Seven Demands of Leadership

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“Seven Demands of Leadership”

I think that the more you read and understand about management and leadership concepts, the better leader you will be, and it will help you to make sense out of all of it.  It will help you develop and refine your own leadership style.

A few years ago I attended a leadership training seminar at the Gallup Organization out in Lincoln, Nebraska, for a week.  I learned a lot, especially that I still don’t know everything and, for that matter, never will.  One thing that I liked a lot and has stayed with me was this concept of the “Seven Demands of Leadership.”  I think understanding the demands of leadership helps all of us better understand what responsibilities we have taken on when we decide to become Leaders, which is our role in the show.  We auditioned for the part, we got the role, and now we have to perform.

  1. Visioning:  Not everyone is a visionary, but someone on our team should be.  your vision should be developed for the organization.  Once the vision is developed, make sure you understand it and share it.  The Walt Disney World® Vision is very powerful and emotional.  Vision needs to be discussed frequently.
  2. Mentoring:  Everyone who is successful in life has a mentor.  You need someone who will tell you the truth and give you guidance about your work and behaviors.  Have a mentor, and be a mentor.
  3. Challenging Experiences:  Always set stretch assignments for individuals.  We know that good people need challenging assignments to become great and to grow.  The leaders who continue to ask for and accept new experiences and new assignments are the ones that become great.  This is the best way to develop leaders.
  4. Knowing Self:  Know what you can and can’t do and manage it.  Use your strengths.  People who understand themselves are very effective.  Let others know what you are good at and what you are not good at.
  5. Making Sense of Experiences:  Continuous learning opportunities, seminars, publications like The Main Street Diary and others, benchmarking, and more.  Learning together with your people and reflecting on past experiences are powerful developers of leadership.  Learn from your mistakes and learn from your successes.
  6. Stabilizing Values:  Knowing what you stand for—values and respect for people.  Things that you won’t negotiate.
  7. Building a Constituency:  Name recognition.  Do people know who you are, what you are doing for them, and what you stand for?  Tell them what to expect and what your vision is.  Know your personal and career Board of Directors, who can support you and from whom you will receive honest feedback.  These Boards are usually small.  Pick them carefully, and then tell the people you have chosen that you count on them to help direct you and to do the right things.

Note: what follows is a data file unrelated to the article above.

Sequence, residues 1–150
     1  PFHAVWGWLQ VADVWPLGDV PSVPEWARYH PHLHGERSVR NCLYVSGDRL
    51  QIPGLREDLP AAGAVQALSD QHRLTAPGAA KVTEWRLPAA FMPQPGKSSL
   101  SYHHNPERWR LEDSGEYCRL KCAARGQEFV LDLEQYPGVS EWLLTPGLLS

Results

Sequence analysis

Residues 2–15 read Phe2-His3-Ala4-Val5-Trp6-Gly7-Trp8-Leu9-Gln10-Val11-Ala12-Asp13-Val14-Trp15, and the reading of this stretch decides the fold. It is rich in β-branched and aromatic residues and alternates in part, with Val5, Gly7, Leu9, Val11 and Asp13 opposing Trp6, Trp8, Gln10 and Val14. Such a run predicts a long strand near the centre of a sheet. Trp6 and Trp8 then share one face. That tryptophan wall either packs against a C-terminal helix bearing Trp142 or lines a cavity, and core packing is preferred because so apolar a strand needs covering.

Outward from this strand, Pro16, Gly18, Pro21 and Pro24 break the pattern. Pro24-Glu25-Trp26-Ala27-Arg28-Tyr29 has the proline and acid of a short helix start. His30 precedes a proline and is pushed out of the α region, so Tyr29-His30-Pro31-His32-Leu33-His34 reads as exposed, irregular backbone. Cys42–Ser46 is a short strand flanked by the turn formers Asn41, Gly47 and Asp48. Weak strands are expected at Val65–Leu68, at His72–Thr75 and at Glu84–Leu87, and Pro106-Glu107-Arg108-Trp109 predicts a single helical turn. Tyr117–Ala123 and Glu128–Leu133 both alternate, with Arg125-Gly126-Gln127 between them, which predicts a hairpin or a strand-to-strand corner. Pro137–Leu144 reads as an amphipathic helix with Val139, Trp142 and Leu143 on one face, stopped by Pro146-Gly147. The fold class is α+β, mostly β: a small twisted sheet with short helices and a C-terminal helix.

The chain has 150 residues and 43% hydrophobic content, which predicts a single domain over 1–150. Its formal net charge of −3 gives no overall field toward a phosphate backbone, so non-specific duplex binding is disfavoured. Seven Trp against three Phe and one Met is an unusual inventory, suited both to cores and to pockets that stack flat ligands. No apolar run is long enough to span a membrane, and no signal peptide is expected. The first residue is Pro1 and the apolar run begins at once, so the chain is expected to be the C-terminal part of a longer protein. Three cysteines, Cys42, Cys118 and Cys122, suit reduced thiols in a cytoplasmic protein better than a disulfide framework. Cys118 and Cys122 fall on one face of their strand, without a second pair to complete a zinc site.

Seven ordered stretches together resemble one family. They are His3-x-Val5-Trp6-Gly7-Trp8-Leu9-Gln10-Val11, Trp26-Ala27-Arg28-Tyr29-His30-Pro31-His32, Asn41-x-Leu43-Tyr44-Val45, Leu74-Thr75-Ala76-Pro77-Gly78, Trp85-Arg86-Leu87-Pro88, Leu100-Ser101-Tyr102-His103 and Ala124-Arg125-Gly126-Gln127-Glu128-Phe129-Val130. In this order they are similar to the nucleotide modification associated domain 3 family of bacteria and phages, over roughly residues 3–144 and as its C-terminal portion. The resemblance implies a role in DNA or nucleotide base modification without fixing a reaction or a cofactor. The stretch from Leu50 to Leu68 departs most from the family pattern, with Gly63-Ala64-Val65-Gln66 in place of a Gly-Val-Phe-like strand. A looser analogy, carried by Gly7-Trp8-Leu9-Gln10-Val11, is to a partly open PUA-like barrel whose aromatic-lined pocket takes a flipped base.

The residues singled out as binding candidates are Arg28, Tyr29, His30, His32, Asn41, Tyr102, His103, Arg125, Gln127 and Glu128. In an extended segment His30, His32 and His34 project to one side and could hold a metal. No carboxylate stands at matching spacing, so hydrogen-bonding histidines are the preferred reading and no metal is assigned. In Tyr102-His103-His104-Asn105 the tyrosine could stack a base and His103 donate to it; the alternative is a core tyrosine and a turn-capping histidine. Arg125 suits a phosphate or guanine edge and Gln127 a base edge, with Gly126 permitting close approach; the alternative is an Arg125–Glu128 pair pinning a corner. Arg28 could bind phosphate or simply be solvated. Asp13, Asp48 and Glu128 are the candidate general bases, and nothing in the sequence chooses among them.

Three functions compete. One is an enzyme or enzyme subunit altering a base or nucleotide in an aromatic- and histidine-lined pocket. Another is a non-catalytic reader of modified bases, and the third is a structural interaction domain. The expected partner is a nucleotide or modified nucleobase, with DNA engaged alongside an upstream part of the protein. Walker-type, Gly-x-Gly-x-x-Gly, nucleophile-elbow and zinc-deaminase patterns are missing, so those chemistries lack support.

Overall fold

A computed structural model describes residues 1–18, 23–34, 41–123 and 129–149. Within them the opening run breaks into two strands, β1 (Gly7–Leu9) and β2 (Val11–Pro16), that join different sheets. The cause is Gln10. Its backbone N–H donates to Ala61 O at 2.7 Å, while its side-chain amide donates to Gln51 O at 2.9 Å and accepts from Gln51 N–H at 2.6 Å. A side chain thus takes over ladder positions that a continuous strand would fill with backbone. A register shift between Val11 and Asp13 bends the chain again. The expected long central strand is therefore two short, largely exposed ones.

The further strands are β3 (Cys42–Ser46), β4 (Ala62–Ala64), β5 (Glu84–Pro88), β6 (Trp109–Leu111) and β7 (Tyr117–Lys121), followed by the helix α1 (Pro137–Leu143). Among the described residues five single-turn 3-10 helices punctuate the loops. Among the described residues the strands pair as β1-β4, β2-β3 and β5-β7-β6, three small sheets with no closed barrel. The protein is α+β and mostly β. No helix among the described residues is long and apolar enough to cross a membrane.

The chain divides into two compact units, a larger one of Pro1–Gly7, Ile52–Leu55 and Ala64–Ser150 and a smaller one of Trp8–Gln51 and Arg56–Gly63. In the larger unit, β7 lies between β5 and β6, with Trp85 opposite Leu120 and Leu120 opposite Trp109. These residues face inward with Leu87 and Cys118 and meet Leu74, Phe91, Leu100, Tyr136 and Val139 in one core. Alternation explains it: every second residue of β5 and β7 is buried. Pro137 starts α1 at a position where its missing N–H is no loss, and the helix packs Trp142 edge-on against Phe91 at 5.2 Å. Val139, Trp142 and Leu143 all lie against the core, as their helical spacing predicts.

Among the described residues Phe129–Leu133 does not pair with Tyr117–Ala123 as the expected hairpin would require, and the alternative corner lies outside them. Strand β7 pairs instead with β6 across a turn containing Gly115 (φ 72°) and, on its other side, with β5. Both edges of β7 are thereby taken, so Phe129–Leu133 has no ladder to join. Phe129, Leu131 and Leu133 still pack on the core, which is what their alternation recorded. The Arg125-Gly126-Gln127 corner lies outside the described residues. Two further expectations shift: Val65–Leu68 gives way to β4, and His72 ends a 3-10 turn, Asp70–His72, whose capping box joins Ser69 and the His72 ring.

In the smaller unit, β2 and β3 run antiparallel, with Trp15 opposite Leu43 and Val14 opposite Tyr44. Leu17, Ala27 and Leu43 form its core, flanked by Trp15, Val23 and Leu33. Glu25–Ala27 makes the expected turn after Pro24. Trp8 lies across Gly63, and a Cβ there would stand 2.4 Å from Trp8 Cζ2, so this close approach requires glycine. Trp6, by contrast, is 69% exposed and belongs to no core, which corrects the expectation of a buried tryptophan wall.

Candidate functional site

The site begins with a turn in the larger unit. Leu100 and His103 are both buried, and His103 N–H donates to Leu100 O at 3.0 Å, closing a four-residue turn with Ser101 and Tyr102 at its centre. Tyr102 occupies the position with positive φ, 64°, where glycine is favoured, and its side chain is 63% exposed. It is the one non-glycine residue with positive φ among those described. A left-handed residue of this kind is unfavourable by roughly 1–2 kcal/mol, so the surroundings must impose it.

I hope you enjoy thinking about the “Seven Demands of Leadership” and how they impact you, now and in the future, as you develop yourself into the kind of Leader you want to be.

I have thought about them a lot over the last few years; and they have helped me, and I hope they help you too.

As far as mentors, I am lucky that I have several people here who tell me the raw, honest truth; and I do that for a few people too.

As far as challenging experiences are concerned, the Disneyland® Paris assignment I had was the toughest job I ever had . . . and I am better for it today.

When it comes to knowing self, that is one of my strong points.  I know what I am good at and what I am not good at.  I always make sure that my boss and my wife Priscilla know too; and that is liberating. 

Making sense of experiences is one I am an expert at since I was fired once in my career 36 years ago and passed over for a promotion once.  My first thought was to blame them.  It could not be my fault.  Well, after reflecting on it all, it was my fault (at least 51 percent).  That is the day my career took off.  I have not repeated those errors again in my leadership style.

Stabilizing values is one that you need to decide early in your career.  Don’t wait until the battle starts to try to figure out what you stand for. You have to decide now whether you are going to go down with the ship or not . . . because you will be very busy helping others survive when it’s going down if you are the captain.  Treating everyone respectfully is one of my values and is one that I don’t ever plan to give in on.

Building a constituency is a big deal, and you need to think about how you will do that.  In my opinion it’s like running for office.  People vote for you because of what you did for them or what you say you are going to do for them, so keep your promises.   . . . Lee

1 Comment
  1. Just love these blogs..they hold a multitude of great advice and I try and retain and emulate as much as I can of them during the course of my week.Super stuff Lee! Please come to DC!!

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